Planting chart for Mississippppi
Some things to grow (if you are reading this, do your own research!) …
Tomato, Green Peppers, Cayenne Peppers, Cucumbers
Succhini, Summer Squash
The term ‘hemp’ means the plant Cannabis Sativa L. and any part of that plant, including the seeds thereof and all derivatives, extracts, cannabinoids, isomers, acids, salts, and salts of isomers, whether growing or not, with a delta-9 tetrahydrocannabinol concentration of not more than 0.3 percent on a dry weight basis.
Cannabis Sativa L. for $500/lb until Feb 1, 2019.
Sunn Hemp (Crotolaria Juncea) is not listed as a noxious weed in MS but it is NOT grown for its seeds due to toxicity. It is grown for forage (think deer plots). It fixes nitrogen in the soil, and is good fodder for goats after growing for 45 days. “Turkey and Quail” will forage and hide in it … so I think chickens, too. For other livestock, see the Sunn Hemp pdf.
Tropic Sun hemp, a variety of of the above C. Juncea known as Crotolaria Juncea L., but is still grown as green manure and forage. It grows best in well drained soils. In the continental United States it should be adapted to spring and summer planting in the South and Southwest.
‘Tropic Sun’ seed should be broadcast and covered (40 to 60 lb pure live seed per acre) or drilled (30 to 50 lb/acre) about V2 to 1 in (1’/i to 2V2 cm) deep in a well-prepared, weed-free seedbed. For maximum yields, a soil test should be taken and the fertilizer and other soil amendments applied as recommended. Calcium carbonate for pH adjustment to at least pH 6.0 and phosphorus are needed for maximum dry matter and nitrogen production. Soils low in these elements should be fertilized to meet the needs of the crop. For example, some soils low in phosphorus may require an application of 300 lb/acre (336 kg/ha) treble superphosphate or 600 lb/acre (673 kg/ha) of single superphosphate fertilizer before planting. This phosphate can also be used by the succeeding cash crop. The seed should be inoculated with cowpea-type or “EL” inoculant to ensure effective nodulation as some soils may not contain the correct Rhizobium
‘Tropic Sun’ should receive a minimum of 1 in (25 mm) of moisture per week for maximum growth; however, it is quite drought tolerant.
Sunn hemp should never be allowed to grow beyond the full-bloom stage if it is being grown for green manure. The crop should be plowed down either in the bud or early flowering stage (Figure 3), which normally is about 60 days or less after planting. If allowed to grow beyond this stage, the plants will become fibrous and will be very difficult to plow under. Home gardeners and farmers with light tillage equipment should plan to incorporate the plants when they are no taller than about 3 ft (90 cm), in 30 to 50 days.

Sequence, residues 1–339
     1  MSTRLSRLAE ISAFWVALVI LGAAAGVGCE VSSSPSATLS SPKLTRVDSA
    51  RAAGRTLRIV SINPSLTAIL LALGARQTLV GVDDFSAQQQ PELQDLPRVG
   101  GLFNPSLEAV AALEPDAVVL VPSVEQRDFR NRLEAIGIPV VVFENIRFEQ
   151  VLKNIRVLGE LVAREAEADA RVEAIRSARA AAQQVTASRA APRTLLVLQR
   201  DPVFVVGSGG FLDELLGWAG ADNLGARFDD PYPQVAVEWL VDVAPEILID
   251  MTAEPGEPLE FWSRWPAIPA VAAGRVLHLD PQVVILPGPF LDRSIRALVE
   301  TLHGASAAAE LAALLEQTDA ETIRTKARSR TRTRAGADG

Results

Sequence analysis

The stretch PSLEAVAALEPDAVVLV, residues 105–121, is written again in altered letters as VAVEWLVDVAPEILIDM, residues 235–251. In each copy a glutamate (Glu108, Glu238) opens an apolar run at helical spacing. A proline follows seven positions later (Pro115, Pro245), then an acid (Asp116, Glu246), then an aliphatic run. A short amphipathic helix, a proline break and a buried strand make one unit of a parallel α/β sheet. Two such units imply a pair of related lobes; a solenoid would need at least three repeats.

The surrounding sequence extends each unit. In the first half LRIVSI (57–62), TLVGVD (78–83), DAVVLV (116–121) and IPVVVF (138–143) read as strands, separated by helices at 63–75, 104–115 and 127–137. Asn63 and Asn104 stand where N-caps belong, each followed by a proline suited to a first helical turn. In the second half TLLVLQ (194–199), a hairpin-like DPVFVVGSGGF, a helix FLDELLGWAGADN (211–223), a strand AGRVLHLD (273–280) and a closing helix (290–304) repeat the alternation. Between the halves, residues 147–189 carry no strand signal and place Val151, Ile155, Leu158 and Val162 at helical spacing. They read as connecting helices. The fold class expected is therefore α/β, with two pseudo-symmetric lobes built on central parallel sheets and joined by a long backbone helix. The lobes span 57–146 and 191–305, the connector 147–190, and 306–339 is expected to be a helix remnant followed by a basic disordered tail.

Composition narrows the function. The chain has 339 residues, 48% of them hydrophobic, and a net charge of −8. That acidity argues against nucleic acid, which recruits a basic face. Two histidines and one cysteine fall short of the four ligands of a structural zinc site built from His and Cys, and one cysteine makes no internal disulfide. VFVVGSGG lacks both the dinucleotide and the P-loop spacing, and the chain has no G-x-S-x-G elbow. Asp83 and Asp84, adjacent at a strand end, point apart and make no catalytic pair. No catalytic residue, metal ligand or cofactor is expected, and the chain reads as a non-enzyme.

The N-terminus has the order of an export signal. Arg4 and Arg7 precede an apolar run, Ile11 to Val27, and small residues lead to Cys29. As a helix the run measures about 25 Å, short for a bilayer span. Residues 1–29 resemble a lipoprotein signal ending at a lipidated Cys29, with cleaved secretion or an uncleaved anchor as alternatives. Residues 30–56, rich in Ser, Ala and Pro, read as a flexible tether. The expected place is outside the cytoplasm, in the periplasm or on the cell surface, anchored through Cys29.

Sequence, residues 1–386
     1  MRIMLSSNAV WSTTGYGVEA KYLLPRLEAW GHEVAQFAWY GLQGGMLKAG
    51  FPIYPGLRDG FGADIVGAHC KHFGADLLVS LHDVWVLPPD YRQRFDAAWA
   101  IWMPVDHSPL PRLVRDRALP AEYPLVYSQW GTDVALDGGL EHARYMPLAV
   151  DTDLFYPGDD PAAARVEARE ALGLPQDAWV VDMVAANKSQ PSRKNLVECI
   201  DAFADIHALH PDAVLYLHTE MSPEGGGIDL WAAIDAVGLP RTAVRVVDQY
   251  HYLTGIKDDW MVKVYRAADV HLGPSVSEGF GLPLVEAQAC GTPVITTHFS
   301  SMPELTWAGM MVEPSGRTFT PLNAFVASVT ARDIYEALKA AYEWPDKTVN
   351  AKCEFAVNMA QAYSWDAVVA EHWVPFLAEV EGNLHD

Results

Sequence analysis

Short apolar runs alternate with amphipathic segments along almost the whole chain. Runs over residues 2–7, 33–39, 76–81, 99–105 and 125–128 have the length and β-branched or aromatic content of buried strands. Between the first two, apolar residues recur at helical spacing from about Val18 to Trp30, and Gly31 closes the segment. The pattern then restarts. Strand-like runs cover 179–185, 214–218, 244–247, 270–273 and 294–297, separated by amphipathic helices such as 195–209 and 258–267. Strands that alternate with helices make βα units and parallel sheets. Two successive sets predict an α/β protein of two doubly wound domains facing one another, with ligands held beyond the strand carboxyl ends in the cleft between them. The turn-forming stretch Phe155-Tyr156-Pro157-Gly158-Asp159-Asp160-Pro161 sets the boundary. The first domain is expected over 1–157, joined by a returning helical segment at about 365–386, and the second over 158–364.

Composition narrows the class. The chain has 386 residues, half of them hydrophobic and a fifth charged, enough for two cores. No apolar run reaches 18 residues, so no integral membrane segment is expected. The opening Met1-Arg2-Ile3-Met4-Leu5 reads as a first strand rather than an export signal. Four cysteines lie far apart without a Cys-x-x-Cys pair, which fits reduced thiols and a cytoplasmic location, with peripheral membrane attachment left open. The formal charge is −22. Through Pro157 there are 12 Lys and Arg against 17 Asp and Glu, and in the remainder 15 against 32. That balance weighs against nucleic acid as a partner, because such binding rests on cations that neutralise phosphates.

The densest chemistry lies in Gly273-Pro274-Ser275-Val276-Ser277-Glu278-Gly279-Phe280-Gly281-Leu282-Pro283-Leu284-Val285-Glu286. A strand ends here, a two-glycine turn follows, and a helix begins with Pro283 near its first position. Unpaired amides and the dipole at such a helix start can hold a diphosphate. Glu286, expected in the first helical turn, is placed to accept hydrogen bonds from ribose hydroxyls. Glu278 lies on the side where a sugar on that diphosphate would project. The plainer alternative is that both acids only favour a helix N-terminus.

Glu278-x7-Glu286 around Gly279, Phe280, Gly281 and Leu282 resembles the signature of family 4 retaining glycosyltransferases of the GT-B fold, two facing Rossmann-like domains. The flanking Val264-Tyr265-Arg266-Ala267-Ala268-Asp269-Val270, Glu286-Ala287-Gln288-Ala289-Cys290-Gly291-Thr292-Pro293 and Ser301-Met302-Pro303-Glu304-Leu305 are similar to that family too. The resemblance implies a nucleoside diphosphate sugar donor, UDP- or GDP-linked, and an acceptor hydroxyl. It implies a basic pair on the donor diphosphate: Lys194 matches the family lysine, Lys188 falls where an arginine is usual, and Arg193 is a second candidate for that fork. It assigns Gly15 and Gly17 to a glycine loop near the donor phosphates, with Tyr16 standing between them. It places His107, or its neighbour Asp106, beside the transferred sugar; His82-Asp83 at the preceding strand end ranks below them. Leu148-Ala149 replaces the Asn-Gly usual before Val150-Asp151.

Limited amounts of ‘Tropic Sun’ seed can be produced by allowing a small area of planting to mature and develop seed pods. The pods may be hand-harvested when the seeds rattle in the pods, normally about 5 months after planting. The pods are then crushed or cracked and the seeds separated. This procedure is labor intensive and is practical where only a small amount of seed is needed or where seed is not commercially available.
For commercial or large-scale seed production see the Tropic Sun pdf. Aphids
(Aphis spp.) and the bean butterfly (Lampides boeticus) have been the main insect pests. Powdery mildew (Oidium sp.) may appear on leaves during very humid weather. Harvest when the seeds rattle in the pods, which will be about 5 months from planting. When the seed crop is ready for harvest, the plants should be dry and self-defoliated. However, showers after the last irrigation
could keep the crop green. Seed yields of over 2200 lb/acre may be expected.
Nettles are not listed as a noxious weed in MS. But they are a weed. They like rich soil, and will come back every year in a good spot without your effort. You can pick the tops off repeatedly and boil them like spinach. Delicious, I’m not kidding! Watch out for their sting, which is from the juice on the underside of their leaves while growing in the field.
Potato, Sweet Potato, Tarot Root
Peanuts, Peas, Beans
Basil, Cilantro/Coriander, Mint
Horseradish, Garlic, Onions
Black Seed – This black cumin (I think) is a super healer.
Kudzu is edible. How must it be prepared? Is it palatable? Save the world! Eat Kudzu!